Here at Fashionista, we're passionate about covering all the ways that the industry is changing for the better. That's why we wanted to honor the forces working tirelessly to reshape what it means to work in fashion and beauty. With our new annual series, Fashionista Five, we'll be doing just that by highlighting (you guessed it) five people whose work we've admired over the past year.
In January, Aerie threw an intimate dinner at a cozy New York City restaurant to celebrate its latest class of Role Models, something that it's turned into an annual tradition. It was a big night for the lingerie brand, especially for Global Brand President Jennifer Foyle, who first took Aerie's campaigns photoshop-free five years ago. But she missed a large chunk of it — the photocall with stars like Jameela Jamil and Aly Raisman, the cocktails with members of the fashion press — slipping in just at the start of dinner. When she gave a brief speech welcoming her guests, she shared that she had a good reason for being late: Her teenage daughter had come home from school that day having a crisis about body image, the very reason for that fancy dinner and the subject that has motivated Foyle since 2014.
"I have a 12-year-old — she was younger back then, but even back then, she would look in the mirror and said to me, 'Mom, am I beautiful?' and I thought, 'What are we doing to women today?'" Foyle explains over a breakfast later in the summer. "We are not sex symbols; we are real human beings. I just knew that was perfect timing, and it really was."
Foyle had been at Aerie since 2010 and was drawn to the opportunity that the nascent intimate apparel side of the business presented to her. She saw a chance to reach a different customer than the more established, sexed-up lingerie brands had been courting previously, so she says she hit the reset button at Aerie, tweaking the platform and firming up the creative and marketing teams. Still, though, something felt like it was missing. It wasn't until her then-head of creative asked about an as-yet un-photoshopped shot of a model on set that it clicked.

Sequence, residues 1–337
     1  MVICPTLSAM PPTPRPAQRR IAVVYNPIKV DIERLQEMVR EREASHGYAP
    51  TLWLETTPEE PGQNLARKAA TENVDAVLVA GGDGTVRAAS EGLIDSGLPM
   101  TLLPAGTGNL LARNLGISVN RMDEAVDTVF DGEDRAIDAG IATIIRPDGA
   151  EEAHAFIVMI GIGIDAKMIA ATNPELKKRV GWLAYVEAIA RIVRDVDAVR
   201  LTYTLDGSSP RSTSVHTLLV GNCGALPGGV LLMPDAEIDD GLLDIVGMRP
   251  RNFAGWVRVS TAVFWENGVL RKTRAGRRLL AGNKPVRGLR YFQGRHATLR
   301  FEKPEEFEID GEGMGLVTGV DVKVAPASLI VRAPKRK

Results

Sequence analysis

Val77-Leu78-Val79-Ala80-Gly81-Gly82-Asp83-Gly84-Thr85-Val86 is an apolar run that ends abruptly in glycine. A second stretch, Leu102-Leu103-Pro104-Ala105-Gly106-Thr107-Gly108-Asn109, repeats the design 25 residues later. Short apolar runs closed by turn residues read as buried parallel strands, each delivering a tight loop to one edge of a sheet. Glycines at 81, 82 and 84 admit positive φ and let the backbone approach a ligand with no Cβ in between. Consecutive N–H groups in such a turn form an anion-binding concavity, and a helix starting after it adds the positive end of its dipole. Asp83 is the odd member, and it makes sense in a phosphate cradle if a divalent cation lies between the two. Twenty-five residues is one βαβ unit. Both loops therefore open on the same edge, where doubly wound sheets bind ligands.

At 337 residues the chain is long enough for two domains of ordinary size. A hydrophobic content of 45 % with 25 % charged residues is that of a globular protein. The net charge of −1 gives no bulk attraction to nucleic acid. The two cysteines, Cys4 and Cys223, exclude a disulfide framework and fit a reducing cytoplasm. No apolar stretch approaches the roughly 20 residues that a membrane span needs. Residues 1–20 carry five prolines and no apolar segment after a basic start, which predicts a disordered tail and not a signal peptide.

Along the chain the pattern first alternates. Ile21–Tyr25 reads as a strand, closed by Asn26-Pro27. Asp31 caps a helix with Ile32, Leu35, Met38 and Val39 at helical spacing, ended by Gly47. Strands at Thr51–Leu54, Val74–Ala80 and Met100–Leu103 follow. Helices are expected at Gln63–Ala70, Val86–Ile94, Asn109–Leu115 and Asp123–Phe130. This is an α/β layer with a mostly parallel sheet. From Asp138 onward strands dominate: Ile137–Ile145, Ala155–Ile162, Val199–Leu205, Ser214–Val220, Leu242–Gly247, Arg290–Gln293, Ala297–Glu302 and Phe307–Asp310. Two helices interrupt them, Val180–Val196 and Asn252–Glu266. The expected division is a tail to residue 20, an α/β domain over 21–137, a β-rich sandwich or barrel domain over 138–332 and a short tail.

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"I think my first reaction was that I started to laugh; I'm like, 'This is ridiculous. They are professional models for a living and we're airbrushing them,'" Foyle says. "Why would anyone even think about doing that? It had never occurred to me."
#AerieReal was officially born with an unretouched ad campaign that went live in April 2014. If Foyle thought it would take some time for the public to adjust to Aerie's bold move, she was mistaken. Not only did the campaign garner impressive amounts of press, but within a year, Aerie was single-handedly rescuing once-flagging American Eagle sales. Customers, it seemed, had been waiting for a brand like this for a long time.
Things only took off from there. Quickly off the heels of the #AerieReal launch, Foyle's team realized they needed a brand spokesperson. Enter Iskra Lawrence, who signed on as the very first Aerie Real Role Model. "It was perfection with her," Foyle says. "We struck such a chord with her — I mean, she went through so many struggles herself. She couldn't get a job in the modeling industry because she was five pounds overweight or she was too thin."
When Aerie signed with Lawrence, she had fewer than 100,000 Instagram followers; today, she's a bona-fide superstar with 4.5 million., but she's still as committed to Aerie as she was when she first started working with the brand. "She'll go by a store if she's off duty and be like, 'I'm here,'" Foyle explains. "She really means business, and that's who we look for. We don't want just a pretty girl — that's not what we're doing here. We're looking for somebody who believes in our mission."